EU ambassadors fail to agree embargo on Russian oil
According to Reuters, the decision to impose an embargo slows down the concerns of Hungary, the Czech Republic, Slovakia and Bulgaria. It will be discussed again on May 5
The ambassadors of the — EU member states did not reach an agreement on an embargo on Russian oil, they will try to agree on it again on Thursday, May 5, according to a Reuters source.
The interlocutor of the agency indicated that Bulgaria, Hungary, Slovakia and the Czech Republic expressed their concerns due to restrictions on oil. Bloomberg sources also said that a Hungarian representative objected to the embargo, while Greece, Malta and Cyprus raised the issue of banning oil transportation between third countries, saying that this move would simply help competitors from Europe.
According to diplomats, EU ambassadors intend to approve the package by the end of the week, as a last resort— until May 9.
Earlier, the head of the European Commission, Ursula von der Leyen, said that the EU plans to abandon crude Russian oil within six months, and imports of refined products— by the end of this year.
Reuters and Bloomberg sources reported that, as part of the new package of sanctions, the EU also proposes to ban European courts and companies from providing services related to the transportation of Russian oil, including in the field of insurance. Bloomberg pointed out that this is an important point, since 95% of tanker liability insurance contracts are carried out through the International Group of Mutual Insurance Associations (Clubs), which is registered in London and must comply with European law.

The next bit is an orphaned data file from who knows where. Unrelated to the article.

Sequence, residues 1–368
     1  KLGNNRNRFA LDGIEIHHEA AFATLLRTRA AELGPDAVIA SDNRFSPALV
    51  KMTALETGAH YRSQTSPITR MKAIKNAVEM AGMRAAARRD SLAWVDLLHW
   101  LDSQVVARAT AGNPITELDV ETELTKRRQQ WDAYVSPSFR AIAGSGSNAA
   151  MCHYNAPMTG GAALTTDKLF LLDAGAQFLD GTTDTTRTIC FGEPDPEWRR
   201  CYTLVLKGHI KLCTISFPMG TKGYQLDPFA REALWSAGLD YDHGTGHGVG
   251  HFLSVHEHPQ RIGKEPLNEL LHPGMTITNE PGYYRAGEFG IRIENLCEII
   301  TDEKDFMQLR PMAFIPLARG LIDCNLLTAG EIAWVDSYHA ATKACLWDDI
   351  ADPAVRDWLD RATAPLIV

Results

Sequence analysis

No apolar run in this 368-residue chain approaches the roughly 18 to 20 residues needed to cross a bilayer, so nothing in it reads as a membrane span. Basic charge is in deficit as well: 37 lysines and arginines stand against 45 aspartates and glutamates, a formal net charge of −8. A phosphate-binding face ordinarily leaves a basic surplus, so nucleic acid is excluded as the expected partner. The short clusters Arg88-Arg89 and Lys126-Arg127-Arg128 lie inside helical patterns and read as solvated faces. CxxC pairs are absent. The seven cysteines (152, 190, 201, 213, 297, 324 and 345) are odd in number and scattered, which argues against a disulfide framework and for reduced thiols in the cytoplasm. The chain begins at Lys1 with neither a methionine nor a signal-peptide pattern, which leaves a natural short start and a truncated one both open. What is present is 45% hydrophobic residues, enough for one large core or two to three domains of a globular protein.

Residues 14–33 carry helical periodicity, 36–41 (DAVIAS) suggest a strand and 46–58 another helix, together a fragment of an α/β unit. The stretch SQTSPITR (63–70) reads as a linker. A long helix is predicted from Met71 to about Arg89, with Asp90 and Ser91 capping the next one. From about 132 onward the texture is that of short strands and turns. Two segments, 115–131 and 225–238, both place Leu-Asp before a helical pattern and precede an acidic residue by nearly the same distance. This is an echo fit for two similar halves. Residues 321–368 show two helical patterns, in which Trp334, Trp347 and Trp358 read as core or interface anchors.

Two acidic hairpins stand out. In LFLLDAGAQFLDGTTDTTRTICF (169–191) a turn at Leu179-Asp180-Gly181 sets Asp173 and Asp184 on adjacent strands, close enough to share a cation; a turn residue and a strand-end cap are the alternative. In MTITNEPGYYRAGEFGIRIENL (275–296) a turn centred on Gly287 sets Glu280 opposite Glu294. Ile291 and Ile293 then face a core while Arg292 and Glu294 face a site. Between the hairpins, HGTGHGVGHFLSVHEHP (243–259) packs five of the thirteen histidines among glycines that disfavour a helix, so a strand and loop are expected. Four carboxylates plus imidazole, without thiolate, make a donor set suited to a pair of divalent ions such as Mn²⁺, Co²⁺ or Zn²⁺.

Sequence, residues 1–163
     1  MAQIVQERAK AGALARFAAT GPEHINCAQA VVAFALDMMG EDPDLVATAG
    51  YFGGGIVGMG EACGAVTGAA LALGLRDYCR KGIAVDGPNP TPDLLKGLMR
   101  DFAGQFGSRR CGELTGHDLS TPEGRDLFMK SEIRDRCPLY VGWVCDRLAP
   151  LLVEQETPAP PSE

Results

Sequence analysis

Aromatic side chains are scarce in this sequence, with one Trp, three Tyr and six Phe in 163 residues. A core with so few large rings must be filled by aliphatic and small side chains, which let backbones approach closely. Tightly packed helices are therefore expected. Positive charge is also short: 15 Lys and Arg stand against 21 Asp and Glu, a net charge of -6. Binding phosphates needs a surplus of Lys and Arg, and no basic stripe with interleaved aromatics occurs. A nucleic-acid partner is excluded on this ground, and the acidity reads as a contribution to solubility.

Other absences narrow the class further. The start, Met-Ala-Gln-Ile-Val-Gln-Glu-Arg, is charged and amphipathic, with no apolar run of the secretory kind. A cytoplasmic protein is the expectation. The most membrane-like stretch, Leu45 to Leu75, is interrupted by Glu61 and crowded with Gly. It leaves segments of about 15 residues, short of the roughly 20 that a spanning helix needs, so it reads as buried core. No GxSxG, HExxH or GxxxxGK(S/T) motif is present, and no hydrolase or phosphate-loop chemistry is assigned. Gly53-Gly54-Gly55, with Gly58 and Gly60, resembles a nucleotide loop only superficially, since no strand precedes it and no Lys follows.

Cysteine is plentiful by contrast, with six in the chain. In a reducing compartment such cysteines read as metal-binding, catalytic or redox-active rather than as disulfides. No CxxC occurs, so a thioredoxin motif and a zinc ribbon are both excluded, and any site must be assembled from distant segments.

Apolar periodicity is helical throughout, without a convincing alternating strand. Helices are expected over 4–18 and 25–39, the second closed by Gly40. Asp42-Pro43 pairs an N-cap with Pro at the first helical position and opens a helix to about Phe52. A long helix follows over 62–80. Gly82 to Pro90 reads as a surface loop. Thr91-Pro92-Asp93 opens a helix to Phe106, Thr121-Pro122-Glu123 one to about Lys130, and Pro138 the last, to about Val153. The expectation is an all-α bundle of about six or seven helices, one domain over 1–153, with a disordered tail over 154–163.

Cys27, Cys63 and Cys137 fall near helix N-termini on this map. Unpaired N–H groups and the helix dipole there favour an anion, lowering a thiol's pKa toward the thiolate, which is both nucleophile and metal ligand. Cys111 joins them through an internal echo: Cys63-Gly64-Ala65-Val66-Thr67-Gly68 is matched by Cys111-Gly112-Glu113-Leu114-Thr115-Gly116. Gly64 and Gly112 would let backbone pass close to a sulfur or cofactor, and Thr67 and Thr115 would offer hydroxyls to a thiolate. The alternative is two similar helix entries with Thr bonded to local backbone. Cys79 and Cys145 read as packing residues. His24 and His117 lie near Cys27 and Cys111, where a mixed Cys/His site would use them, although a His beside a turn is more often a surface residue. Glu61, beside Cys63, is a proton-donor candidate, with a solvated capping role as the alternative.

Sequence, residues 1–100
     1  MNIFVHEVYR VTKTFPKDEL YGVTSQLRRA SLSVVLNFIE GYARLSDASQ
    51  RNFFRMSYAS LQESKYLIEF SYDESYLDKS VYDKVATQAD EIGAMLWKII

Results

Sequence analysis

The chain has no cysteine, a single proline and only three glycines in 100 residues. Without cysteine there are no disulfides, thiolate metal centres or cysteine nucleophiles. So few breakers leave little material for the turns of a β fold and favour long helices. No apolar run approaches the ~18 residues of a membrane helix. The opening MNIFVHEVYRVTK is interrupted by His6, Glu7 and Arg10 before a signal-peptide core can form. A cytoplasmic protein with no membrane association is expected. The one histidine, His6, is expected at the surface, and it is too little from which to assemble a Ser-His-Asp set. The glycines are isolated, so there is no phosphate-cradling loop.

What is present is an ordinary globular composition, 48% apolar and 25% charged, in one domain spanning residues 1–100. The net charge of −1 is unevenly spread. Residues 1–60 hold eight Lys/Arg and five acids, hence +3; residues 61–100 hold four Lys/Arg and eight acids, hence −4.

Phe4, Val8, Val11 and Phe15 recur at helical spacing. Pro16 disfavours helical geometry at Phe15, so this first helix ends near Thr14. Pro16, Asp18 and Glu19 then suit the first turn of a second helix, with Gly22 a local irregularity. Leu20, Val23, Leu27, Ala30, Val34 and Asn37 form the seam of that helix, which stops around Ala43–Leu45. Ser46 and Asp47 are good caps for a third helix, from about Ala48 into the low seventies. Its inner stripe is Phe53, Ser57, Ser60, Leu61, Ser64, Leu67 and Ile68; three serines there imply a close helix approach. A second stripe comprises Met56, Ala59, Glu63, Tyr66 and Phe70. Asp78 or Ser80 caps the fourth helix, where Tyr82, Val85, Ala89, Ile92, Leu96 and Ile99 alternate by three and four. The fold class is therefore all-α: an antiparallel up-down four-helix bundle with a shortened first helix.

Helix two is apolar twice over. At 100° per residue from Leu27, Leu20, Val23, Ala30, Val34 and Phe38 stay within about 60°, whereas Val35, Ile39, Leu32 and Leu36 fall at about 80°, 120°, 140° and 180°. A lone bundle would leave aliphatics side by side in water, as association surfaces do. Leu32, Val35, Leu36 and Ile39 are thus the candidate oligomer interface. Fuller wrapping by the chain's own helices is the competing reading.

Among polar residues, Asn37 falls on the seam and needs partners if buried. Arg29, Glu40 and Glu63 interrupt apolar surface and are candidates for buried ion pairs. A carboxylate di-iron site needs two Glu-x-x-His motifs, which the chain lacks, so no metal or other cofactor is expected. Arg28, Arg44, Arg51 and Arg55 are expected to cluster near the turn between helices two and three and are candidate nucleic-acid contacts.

Read on RBC Pro Pro x The Economist Butter or guns: how increased defense spending affects the economy Articles Pro Amazon: crazy ideas that paid off. Investor's Digest Pro Why the elections in France are the first alarm signal for investors The Hungarian side would like it not to apply to the import of crude oil through pipelines, he explained.
German Economy Minister Robert Habek noted that Berlin would support the embargo on Russian oil.
In the Kremlin, the possible The oil embargo is seen as a “hit everyone” solution, as the ban would negatively impact the continent's energy balances and lead to changes in the global oil market.
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